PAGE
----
Rust is special
There is something about rust that I like. Rusty nails. Rusty hinges. Rusty barbed wire. A feel about it, I mean. It doesn’t speak very well of me, I know, because rust means ruin. Many people pride themselves on never letting their tools rest.
I heard a ship’s captain give a fine lecture to a sailor about the proper care of tools. We were in the bowels of a destroyer and the captain was making an inspection. He had found some tools scattered in a careless manner.
“It hurts me inside,” my little captain said, “to see these tools neglected.” He went on in a quiet, effective way to describe a deep feeling for tools – a feeling he said he had had since childhood. I knew what he meant. I understood the pride he felt about caring for his tools.
Years later I heard a barber express the same thing while talking about his straight-razors. He sounded like an artist as he spoke of the way he honed his razors and how he felt about them as he pulled a newly honed razor over his wet thumbnail, testing the sharp edge.
My Uncle Ben was like that about his carpenter tools. And Mama and Grandpa Caldwell were that way also. As a little girl, Mama used to sneak Grandpa’s handsaw out of his tool box and use it. But no matter how carefully she replaced it, he always knew that somebody had used the saw.
I understood this relationship of a man to tools and it is a sort of sacred thing, and it should be because the story of man rests to a great extent upon tools. It is proper that a man should feel a special affection toward them, and there is something beautiful in seeing a real mechanic taking care of his wrenches. Still, I like rust.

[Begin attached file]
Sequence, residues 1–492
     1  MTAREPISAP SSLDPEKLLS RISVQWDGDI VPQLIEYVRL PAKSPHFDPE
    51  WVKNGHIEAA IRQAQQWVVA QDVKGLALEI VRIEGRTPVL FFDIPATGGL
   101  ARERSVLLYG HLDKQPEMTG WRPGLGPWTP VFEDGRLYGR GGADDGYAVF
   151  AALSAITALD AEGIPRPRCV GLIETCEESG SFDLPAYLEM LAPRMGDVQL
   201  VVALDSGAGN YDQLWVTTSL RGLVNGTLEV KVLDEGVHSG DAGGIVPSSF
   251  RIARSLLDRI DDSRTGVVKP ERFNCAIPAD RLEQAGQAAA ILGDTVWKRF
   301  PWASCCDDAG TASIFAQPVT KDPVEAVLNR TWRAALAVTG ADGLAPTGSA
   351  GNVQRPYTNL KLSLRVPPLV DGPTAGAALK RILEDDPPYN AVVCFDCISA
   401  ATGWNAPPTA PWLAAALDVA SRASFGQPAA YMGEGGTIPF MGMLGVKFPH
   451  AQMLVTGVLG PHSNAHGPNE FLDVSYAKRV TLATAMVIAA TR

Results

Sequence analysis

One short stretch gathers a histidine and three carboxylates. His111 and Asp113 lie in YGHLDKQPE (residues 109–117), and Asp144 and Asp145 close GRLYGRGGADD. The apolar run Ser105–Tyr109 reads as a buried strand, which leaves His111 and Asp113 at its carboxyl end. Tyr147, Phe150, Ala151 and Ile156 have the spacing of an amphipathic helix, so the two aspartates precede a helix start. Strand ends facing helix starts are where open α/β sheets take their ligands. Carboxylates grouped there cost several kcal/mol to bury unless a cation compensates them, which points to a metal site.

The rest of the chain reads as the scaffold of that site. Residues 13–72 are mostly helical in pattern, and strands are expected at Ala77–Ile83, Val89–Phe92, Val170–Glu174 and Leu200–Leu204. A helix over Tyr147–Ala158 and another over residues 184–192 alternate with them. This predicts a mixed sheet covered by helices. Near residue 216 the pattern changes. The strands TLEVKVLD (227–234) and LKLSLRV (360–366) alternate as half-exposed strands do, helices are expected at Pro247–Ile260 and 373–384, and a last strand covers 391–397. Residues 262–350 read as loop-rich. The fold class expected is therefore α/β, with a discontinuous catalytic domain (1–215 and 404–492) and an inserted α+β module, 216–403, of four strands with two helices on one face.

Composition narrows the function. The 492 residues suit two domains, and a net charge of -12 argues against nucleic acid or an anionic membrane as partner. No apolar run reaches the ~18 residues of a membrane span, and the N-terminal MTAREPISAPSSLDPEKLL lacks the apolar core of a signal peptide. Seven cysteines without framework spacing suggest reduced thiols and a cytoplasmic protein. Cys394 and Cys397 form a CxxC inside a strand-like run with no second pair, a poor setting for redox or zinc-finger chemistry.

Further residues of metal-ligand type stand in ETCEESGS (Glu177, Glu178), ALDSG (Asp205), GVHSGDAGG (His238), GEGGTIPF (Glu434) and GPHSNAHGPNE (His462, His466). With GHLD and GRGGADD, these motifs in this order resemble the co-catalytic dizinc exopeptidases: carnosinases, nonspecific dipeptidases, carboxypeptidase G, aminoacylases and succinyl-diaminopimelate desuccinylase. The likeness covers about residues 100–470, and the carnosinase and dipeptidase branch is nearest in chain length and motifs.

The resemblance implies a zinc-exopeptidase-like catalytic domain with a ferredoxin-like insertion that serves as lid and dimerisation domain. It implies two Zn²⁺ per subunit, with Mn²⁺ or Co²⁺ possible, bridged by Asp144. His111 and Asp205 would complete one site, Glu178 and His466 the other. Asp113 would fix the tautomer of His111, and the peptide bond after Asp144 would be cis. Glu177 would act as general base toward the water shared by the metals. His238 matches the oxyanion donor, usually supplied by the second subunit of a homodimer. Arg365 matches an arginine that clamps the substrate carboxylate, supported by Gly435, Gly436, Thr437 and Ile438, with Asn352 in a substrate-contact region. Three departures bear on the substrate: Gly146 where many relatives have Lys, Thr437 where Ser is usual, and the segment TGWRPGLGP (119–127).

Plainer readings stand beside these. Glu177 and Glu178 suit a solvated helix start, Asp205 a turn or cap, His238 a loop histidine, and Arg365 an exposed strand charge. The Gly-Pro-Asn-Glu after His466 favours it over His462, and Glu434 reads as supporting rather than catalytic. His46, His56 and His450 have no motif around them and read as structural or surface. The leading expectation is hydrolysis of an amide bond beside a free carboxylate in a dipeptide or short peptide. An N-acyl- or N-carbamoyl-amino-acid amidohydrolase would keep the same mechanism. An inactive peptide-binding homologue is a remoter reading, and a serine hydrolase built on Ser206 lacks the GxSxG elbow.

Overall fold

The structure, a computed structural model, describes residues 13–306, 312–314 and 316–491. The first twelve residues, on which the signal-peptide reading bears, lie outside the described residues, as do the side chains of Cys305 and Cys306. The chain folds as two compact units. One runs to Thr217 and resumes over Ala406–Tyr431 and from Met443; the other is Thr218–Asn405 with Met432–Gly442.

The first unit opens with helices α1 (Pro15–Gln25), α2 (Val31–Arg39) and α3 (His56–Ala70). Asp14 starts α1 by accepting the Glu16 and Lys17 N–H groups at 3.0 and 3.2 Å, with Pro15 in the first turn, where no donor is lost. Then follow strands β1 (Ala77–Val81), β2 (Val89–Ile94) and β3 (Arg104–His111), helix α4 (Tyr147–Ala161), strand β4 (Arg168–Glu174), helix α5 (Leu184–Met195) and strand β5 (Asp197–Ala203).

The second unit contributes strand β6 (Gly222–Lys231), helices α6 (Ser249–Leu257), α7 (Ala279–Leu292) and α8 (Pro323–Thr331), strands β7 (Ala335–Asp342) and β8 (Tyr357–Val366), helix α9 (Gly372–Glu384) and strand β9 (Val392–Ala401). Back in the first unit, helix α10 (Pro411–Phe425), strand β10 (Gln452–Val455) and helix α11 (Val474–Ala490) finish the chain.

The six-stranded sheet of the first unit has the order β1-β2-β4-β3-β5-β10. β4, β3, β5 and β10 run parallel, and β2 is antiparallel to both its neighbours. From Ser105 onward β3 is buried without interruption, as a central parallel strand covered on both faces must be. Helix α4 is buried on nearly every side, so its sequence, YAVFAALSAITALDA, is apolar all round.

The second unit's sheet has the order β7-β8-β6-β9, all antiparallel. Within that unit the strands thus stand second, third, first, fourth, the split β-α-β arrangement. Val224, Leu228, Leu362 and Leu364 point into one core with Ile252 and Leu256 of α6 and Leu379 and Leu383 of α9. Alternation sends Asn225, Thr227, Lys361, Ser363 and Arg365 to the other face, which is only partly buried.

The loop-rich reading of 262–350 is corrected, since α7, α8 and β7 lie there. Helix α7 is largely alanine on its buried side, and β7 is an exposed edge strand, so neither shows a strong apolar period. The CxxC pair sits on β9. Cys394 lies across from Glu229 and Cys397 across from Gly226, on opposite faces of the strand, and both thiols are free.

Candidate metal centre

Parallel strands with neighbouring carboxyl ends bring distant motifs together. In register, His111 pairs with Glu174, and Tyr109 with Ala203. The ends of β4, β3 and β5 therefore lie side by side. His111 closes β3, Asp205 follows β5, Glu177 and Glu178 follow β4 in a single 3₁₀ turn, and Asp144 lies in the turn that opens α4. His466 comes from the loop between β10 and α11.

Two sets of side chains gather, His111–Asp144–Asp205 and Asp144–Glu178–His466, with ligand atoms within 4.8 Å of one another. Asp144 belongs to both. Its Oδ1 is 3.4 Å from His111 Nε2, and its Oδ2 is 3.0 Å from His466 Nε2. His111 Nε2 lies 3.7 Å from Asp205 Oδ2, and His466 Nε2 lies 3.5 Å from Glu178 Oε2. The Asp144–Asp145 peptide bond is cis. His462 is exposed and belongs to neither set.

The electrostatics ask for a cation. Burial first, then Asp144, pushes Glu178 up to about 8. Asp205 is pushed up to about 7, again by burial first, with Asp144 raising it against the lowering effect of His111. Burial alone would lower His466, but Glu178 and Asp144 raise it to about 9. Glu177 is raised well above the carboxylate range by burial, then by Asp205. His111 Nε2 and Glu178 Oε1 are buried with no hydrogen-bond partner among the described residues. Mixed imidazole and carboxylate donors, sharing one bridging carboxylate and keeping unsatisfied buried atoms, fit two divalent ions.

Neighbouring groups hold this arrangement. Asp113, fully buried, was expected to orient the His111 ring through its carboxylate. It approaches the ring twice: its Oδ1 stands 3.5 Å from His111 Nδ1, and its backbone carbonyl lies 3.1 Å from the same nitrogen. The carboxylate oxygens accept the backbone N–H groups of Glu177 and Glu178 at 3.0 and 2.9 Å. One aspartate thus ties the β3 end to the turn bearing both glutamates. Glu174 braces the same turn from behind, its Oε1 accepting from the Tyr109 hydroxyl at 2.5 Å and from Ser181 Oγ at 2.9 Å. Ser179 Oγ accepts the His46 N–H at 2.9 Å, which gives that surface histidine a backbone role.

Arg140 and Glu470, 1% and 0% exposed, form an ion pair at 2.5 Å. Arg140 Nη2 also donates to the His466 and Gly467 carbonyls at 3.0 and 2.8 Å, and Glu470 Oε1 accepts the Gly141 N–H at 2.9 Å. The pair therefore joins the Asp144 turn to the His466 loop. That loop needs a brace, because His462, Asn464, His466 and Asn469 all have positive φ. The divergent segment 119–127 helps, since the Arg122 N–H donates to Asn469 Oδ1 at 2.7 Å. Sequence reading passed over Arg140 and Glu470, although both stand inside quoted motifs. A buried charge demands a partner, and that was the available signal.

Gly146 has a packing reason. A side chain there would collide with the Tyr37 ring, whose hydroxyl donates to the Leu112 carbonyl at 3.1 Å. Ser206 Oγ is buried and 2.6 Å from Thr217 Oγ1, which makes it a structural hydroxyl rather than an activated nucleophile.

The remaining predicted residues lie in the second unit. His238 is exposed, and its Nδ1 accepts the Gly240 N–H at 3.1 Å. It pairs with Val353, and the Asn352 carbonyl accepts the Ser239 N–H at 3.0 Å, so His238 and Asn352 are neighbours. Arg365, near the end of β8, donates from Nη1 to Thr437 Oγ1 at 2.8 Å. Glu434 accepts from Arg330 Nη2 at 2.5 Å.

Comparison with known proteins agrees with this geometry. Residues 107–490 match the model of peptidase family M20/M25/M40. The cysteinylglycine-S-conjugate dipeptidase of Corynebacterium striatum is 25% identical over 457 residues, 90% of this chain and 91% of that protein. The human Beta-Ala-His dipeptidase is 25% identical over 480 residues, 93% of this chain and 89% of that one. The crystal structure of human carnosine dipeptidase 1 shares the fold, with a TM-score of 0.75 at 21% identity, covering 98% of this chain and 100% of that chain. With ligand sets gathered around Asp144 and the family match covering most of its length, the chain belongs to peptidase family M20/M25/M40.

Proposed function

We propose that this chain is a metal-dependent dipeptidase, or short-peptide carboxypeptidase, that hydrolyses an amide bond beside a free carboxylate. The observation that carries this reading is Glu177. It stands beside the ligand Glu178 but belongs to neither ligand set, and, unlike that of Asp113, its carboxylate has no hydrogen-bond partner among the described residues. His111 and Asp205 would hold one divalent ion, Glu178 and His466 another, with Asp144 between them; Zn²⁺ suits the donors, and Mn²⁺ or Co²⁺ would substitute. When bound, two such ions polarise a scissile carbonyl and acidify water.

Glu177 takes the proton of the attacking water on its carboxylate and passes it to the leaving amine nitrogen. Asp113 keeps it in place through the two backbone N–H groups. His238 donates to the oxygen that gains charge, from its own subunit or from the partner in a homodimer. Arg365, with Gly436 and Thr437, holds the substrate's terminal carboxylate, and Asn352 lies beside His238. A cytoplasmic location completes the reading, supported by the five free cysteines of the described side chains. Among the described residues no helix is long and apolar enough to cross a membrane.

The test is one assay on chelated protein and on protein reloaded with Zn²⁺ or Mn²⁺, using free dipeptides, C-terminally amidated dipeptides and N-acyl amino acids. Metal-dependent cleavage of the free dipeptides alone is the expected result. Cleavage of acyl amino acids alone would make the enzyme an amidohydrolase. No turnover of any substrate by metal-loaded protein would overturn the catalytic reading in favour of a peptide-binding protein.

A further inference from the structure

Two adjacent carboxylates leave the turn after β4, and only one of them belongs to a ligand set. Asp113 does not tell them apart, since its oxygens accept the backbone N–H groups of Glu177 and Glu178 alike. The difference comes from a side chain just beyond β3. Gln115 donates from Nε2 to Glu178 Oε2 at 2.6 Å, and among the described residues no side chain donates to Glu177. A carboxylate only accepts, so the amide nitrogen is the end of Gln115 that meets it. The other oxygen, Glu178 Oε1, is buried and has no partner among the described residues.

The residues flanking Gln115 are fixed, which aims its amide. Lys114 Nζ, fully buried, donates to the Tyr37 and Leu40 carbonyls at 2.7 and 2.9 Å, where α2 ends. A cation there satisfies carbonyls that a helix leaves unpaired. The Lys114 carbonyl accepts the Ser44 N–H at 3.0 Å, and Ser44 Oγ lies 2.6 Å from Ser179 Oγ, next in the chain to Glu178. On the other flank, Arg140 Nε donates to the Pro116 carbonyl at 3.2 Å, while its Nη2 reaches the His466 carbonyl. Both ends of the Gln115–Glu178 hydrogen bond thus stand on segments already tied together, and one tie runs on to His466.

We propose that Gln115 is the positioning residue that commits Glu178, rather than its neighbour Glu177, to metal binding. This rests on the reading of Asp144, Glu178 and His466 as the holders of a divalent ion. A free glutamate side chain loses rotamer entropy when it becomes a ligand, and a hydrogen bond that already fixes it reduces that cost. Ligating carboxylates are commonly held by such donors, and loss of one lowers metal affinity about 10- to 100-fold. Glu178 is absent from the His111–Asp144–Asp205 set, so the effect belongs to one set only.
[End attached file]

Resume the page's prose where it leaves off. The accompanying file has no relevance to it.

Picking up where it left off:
I like to find an old rusted bucket. An old rusted hoe with the handle rotted out. Chains, pieces of harnesses, singletrees, plows.
These things speak to me in much the same way. I suspect that clean, oiled, rust-free tools speak to craftsmen and that finely honed, blue-steeled razors speak to barbers. Rust is a testimony of the past.
It says that somebody has lived, has worked, has walked in the plowed ground, has stretched wire on perishable posts, to enclose pastures.
It says that man goes away, that the tools that have sustained him – the nails that have marked his brief stay – are temporary too, and must finally return to old earth. Rust is part of the story of our lives.